A molts Hamy v. Attorney-General.
Present: Moseley S.P.J.
ARNOLIS HAMY v. ATTORNEY-GENERAL.
155—C.R. Colombo, 62,089
PoststPffice Savings Bank—Action by depositor against Attorney-General—^Question of jurisdiction by Rule 22—Validity of rule—Right of actionagainst the trustees—Ordinance No. 13 of 1892, ss. 82 and 83 ; rule 22,A depositor of the Post Office Savings Bank alleged that she depositedto the credit of her account a sum of Rs. 342, when she had been creditedwith a sum of Rs. 42 only.
She brought this action against the Attorney-General as representingthe Crown to recover the sum of Rs. 300.
The Attorney-General denied that he was the proper party to be suedand objected to the jurisdiction of the Court in view of rule 22 of the1rules relating to the Post Office Savings Bank made under section 83 ofOrdinance No. 13 of 1892, which provided that a matter of disputebetween the Postmaster-General and a depositer should be referred tothe Attorney-General, whose award or determination shall be final119 Gt. App. R. 13.
Amolis Hamy v. Attorney-General.
The relevant portion of section 83 of the Ordinance is as follows :—
“The Governor may …. make rules and regulations touchingthe limit of deposits, the rate of interest to be allowed thereon,the sale or disposal of securities or investments, the deposits ofminors and trustees and the mode of payment thereof, and for allmatters relating to the general management of such SavingsBanks.”
' Held, that Rule 22 was ultra wires so far it affected the settlement of adispute of the nature involved in this action.
Held, further, that the plaintiff’s cause of action was against the trusteesof the Post Office Savings Bank.
PPEAL from a judgment of the Commissioner of Requests, Colombo.The facts are stated in the head-note.
E. B. Wikremanayake, for plaintiff, appellant.—The Post Office SavingsBank is a Government institution conducted and managed by officers ofthe .Government. The Postmaster-General who is a Government servantis empowered to appoint and discontinue Savings Banks—see section 51of Post Office Ordinance, Cap. 146. It is the Governor who makes rulesfor the management of the Bank—see section 50. Section 52 only providesa mode of investment of Savings Bank moneys. It should be noted thatall the trustees are Government servants. Finally, the right to sue theGovernment is implied in section 55.
If, therefore, the depositor has the right to sue the Government, theAttorney-General is the proper party to be sued—see section 456 of theCivil Procedure- Code.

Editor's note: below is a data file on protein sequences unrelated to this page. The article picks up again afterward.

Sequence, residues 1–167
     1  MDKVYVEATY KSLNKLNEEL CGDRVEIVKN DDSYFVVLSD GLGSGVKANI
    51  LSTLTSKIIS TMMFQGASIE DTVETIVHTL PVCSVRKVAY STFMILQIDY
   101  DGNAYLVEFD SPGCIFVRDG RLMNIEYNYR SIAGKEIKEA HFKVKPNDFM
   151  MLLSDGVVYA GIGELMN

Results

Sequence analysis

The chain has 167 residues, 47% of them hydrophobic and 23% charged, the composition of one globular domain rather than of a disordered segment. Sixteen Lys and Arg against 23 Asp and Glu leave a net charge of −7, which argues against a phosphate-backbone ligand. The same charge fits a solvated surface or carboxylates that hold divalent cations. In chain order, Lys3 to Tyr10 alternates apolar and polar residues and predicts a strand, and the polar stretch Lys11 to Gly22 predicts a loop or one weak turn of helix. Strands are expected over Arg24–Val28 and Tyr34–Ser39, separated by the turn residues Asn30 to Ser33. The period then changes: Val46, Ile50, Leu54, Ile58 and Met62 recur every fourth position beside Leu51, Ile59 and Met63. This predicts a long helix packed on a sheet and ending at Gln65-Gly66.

Rule 22 of the rules of the Savings Bank has no application to thepresent case. It is not contended that the rule is ultra vires, but that it 'is not applicable to a case where there is a dispute between the depositorand the Bank as to the amount deposited. This rule 22 has-been framedunder section 83 of Ordinance No. 13 of 1892. The power to.make rules istherefore limited to the purposes mentioned in section 83. The commonlaw rights of depositors cannot be affected by the rules so made. If therule stands, the Attorney-General is made judge in his own case.
The word “ any ” in rule 22 must be given a limited meaning. Itmeans any dispute in regard to matters in respect of which rules mayvalidly be framed under section 83.
T.S. Fernando, C.C., for defendant, respondent.—The B6st OfficeSavings Bank may happen to be conducted by Government-Servants,but that does not make it a Government institution. The appointingand discontinuing of Post Office Savings Banks are merely statutoryduties, of the Postmaster-General. The fact that the Governor makesrules for the Bank does not necessarily make it a Government institution;the Governor is empowered by statutes to make rules for various bodieshaving little to do with the Government.
Section 52 of Cap. 146 permits the deposits of Savings Banks to beinvested, inter alia, in securities of the Ceylon Government. Such aprovision would have been unnecessary if the deposits became Governmentmoney. In section 55 the existence of the Savings Bank as an entitydifferent from Government is recognized; the wording of the section
Amolis Hamy v. Attorney-General.
being “ against the said bank, and its officers, or against the Govern-ment ” Such a provision is not consistent with the notion that theSavings Bank is a Government institution or that it is part and parcel ofthe Government.
The deposits are clearly not credited to revenue, and are kept separatefrom the funds of the Government. If the money is not received by thePostmaster-General or his subordinates on behalf of the Government,then the Attorney-General is not the proper Party to be sued.
Rule 26 of the Post Office Savings Bank rules constitutes certain officersthe trustees of all Post Office Savings Banks. The deposits are vested inthem. The fact that these trustees happen to be Government servantsis irrelevant.
[Moseley SJP.J.—Against whom do you say the depositor can bringthe action for recovery ?]